The New York Times recently looked into the life of Thea Alvin, a stonemason with creative, beautiful dry stone work art all over the world. The following excerpts are from the article published in the NY Times.
"MORRISVILLE, Vt. — The business of building a 50-ton stone helix on the front lawn is perhaps the definition of a specialty trade. Almost no one other than Ms. Alvin has the imagination and skill to do it.
And her life’s training would be particularly hard to emulate. Ms. Alvin grew up in a commune (which, on second thought, may have been a cult), partied with the Grateful Dead when she was 5, spent the better part of a school year in her bedroom under a kind of “solitary confinement” and eloped at 18 and raised three children in a cabin with no running water. The experience has left her with a creative disposition and an underdeveloped interest in capitalism."
"Ms. Alvin does a lot for her friends in the neighborhood, the scruffy little hamlets that ring the well-groomed ski principality of Stowe. On a recent Thursday morning, she offered a driving tour of her ambit.
One of the first stops was a yak farm where she had rehabbed a retaining wall below the barn. Across from the state Capitol in Montpelier, a little ways down the road, she had installed a 12-ton mound of environmental art. This was a meditation in slate on the power of storms and floods.
One job was as good as the other. Wherever you set it, a stone is a stone.
To the extent that her craft involves breaking rocks in the hot sun, Ms. Alvin appears to be having fun. She wields a 4-pound maul that she calls Garfield. “It’s short and fat,” she said, “and really likes lasagna.”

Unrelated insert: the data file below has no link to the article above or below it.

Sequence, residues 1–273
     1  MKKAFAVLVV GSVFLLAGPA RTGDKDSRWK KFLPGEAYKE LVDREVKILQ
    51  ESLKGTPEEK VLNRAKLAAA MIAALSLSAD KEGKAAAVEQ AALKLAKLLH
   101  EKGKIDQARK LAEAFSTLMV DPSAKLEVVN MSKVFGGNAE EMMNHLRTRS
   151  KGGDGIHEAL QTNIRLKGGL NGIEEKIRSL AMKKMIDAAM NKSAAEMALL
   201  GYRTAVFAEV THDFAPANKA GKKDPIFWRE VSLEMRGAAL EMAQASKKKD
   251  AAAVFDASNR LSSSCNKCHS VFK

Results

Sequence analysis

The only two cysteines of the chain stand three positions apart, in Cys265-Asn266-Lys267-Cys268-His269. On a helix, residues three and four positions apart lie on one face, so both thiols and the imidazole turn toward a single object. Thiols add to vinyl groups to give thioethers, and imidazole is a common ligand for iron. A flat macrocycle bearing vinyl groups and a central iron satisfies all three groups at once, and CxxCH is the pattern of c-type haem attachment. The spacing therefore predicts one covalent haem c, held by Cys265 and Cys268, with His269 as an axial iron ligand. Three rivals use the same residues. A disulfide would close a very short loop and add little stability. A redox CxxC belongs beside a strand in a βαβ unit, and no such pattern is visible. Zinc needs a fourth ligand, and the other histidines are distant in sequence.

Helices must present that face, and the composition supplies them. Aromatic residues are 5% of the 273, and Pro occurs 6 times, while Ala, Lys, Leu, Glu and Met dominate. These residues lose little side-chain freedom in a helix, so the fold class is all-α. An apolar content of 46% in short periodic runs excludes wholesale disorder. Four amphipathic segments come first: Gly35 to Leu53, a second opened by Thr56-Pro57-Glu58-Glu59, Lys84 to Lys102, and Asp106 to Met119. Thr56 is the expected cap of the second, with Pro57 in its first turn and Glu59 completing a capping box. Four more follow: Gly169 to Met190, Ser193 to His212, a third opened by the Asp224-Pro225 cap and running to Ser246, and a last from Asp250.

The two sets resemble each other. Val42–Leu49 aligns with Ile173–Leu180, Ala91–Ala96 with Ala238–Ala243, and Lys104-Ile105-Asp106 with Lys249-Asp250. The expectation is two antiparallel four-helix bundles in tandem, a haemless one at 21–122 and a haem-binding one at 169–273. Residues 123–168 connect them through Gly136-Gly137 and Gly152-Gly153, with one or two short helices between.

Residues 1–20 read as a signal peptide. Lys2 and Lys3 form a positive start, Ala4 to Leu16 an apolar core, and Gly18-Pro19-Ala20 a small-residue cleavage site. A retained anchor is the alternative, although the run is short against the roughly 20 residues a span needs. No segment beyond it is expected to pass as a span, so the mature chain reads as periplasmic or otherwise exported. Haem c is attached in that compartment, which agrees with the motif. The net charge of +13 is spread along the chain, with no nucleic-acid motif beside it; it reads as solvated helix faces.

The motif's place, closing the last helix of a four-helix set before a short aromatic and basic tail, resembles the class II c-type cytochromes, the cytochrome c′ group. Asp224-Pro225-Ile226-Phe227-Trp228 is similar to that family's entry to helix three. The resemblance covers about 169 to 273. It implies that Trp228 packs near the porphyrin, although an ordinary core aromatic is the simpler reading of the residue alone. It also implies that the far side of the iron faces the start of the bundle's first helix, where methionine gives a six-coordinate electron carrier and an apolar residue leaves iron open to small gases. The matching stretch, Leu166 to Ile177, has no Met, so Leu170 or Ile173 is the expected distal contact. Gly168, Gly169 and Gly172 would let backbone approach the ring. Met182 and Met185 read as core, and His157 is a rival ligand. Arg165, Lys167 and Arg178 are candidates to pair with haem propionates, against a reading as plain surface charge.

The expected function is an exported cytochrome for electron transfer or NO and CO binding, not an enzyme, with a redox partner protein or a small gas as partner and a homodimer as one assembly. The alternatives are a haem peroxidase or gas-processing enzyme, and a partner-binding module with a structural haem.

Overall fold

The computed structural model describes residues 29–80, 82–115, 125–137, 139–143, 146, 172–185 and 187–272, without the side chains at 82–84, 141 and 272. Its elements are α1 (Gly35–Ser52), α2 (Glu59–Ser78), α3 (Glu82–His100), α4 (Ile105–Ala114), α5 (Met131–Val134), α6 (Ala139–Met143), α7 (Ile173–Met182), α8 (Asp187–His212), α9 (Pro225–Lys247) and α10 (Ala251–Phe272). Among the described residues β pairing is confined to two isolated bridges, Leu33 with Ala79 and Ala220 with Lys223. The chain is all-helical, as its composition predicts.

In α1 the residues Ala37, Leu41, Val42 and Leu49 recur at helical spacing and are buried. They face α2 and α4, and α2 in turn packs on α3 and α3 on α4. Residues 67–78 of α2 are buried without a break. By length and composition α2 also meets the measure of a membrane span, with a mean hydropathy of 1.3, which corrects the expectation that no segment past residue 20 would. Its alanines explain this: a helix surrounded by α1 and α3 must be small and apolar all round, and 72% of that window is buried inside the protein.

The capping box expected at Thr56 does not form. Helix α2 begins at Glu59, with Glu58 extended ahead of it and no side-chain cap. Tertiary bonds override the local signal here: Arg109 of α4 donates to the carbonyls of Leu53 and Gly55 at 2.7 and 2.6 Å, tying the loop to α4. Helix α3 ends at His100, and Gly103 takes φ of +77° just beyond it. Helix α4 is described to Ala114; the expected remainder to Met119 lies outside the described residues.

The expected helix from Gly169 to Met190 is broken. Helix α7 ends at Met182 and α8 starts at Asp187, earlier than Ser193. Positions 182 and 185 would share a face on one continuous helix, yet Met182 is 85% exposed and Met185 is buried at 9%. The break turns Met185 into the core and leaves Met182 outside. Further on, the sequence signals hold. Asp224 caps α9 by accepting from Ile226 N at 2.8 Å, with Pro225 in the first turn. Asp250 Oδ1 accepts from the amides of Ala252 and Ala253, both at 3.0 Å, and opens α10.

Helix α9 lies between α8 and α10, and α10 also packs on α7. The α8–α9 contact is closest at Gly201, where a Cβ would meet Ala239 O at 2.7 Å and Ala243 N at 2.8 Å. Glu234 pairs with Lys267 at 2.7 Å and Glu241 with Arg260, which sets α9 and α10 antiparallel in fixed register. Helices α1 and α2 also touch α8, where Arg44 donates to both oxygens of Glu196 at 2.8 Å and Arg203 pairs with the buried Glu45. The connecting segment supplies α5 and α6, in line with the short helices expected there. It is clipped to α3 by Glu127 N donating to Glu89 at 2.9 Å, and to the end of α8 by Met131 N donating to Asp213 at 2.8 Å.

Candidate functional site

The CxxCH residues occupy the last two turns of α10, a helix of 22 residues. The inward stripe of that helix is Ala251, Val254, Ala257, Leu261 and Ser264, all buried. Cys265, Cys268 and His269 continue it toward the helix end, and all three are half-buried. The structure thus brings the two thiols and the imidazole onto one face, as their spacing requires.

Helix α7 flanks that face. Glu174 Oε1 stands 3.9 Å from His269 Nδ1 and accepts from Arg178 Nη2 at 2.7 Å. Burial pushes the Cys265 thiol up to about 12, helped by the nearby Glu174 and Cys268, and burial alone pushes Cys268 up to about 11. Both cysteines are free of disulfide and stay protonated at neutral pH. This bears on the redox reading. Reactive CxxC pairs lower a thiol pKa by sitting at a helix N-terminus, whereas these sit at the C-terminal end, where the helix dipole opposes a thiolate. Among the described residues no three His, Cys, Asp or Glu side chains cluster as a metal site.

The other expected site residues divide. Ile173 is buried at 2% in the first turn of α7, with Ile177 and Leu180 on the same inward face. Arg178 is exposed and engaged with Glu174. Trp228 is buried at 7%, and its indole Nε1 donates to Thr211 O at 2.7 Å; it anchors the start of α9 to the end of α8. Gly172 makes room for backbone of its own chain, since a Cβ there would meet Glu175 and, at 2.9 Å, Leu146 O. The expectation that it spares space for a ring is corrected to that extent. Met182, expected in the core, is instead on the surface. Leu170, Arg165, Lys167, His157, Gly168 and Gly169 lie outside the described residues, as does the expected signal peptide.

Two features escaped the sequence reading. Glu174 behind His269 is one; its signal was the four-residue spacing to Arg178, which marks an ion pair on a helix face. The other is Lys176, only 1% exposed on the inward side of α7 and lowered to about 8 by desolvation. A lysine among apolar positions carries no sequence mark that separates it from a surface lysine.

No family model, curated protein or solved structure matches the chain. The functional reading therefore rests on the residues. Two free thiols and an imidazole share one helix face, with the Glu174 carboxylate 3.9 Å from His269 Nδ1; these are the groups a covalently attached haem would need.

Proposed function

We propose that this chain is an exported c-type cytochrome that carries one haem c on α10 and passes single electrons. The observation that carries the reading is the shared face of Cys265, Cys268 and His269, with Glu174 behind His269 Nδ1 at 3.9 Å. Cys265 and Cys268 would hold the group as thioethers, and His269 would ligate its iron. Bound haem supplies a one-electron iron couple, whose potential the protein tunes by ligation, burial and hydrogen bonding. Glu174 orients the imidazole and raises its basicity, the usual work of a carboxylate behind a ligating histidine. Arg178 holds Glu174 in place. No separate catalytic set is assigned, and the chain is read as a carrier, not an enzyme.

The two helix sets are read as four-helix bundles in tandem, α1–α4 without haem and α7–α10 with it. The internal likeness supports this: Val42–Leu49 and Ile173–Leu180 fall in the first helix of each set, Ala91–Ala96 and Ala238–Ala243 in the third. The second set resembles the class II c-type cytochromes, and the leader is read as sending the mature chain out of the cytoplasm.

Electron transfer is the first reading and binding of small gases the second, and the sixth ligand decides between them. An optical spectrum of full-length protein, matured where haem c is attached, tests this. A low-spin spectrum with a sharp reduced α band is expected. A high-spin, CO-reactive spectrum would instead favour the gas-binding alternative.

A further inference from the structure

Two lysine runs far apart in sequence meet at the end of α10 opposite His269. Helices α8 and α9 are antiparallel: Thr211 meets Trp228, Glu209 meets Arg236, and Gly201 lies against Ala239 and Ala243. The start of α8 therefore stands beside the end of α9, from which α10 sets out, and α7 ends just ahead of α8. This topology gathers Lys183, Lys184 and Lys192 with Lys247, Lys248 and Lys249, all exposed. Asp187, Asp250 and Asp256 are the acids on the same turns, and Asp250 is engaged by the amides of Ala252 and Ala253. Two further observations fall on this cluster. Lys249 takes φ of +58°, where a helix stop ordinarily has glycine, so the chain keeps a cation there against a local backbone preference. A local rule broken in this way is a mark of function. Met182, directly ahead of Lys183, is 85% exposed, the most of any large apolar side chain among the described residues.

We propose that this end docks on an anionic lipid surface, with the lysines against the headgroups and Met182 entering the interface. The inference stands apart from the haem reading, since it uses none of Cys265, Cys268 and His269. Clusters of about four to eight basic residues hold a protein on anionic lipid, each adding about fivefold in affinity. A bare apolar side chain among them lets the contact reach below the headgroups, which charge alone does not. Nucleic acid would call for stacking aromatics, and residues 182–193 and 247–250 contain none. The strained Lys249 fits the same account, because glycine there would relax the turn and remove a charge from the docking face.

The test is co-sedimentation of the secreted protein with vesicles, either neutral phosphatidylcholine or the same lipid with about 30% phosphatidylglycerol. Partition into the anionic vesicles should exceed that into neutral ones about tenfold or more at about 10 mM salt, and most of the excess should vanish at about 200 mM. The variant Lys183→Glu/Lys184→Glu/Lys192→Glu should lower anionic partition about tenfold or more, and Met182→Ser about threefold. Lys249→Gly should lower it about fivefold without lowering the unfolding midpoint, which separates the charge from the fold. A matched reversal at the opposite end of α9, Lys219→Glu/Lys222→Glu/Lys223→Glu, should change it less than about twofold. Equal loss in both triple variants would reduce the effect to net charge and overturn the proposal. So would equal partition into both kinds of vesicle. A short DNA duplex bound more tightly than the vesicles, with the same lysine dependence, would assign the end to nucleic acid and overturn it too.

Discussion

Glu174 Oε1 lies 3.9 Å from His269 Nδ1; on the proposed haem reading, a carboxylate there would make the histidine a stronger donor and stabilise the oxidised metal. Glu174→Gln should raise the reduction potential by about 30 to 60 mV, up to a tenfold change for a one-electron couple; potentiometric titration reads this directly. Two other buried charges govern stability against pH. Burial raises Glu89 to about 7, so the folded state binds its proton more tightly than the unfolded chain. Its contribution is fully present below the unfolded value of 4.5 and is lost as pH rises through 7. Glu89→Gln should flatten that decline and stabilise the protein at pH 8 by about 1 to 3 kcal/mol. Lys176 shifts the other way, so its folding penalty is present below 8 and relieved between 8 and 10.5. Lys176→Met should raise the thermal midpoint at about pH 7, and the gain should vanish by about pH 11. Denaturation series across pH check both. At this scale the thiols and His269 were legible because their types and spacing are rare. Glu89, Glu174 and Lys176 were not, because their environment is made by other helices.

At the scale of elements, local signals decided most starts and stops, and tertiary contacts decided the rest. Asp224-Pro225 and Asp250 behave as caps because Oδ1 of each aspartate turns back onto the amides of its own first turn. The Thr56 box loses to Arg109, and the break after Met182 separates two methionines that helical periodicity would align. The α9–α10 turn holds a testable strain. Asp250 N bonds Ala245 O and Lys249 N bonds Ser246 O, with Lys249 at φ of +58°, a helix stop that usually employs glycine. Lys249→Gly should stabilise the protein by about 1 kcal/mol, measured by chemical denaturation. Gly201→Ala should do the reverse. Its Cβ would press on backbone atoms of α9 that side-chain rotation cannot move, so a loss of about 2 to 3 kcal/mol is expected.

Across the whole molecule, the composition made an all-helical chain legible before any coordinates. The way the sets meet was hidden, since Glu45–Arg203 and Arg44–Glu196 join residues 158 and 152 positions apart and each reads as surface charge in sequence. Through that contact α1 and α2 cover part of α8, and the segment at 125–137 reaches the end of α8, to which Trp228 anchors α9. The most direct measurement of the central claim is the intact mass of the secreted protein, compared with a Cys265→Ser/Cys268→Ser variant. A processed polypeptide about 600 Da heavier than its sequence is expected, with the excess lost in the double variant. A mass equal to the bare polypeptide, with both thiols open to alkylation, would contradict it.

She admits to having a “hammer fetish”: she owns three to four dozen, all of them named. “I have a 7-pound hammer that you hold in one hand, and that’s called Bam Bam,” she said. “And I have a 12-pound maul, and that’s called the Convincer.”
She rarely strains her back hoisting these tools. For starters, she doesn’t have much of a back to strain. She stands an inch or two over 5 feet, and that’s in her work Crocs.
One of her longtime friends, Suzanne White, recalls lending a hand on a stone job. “She asked me to pick up one end of a big stone,” Ms. White said. “And I couldn’t move it. So she just lifted it by herself.”
Ms. Alvin reckons, “I top out at around 150 pounds. I can move a rock that’s 200 pounds, but I can’t pick it up.”
Still, once you have the stones, anything is possible.
IT IS FEASIBLE to bully a single boulder, but the better part of the art is persuasion. Stacking stones, Ms. Alvin said, “is like playing Tetris with real objects.”
Mr. Haddow lives and works in Scotland, at the edge of the Highlands, and he has seen Viking-era walls nearby, where “the stone is built exactly the same way I do it.” Almost as longstanding, perhaps, is the Old World schism between dry “wallers” (that is, farmers) and mortar-smearing “masons” (tradesfolk). “Masons shape the stone,” he said, “and wallers find the right one.”
Most Americans take a less dogmatic view, and Ms. Alvin works in both idioms. But as Mr. Haddow said, “she seems to have the knack to find the right stone.” He was calling from Alton, Ontario, where he makes an annual pilgrimage to play around at a dry stone festival in Canada (formerly known as Rocktoberfest). That’s where he first encountered Ms. Alvin’s stonework.
“By my standard, it’s impeccable,” he said. Yet to Mr. Haddow’s expert eye, “she’s an artist rather than a waller.” This is in keeping with the migration of the form from the sheep pasture to the manor lawn. “People like Thea are doing features for rich people,” he said."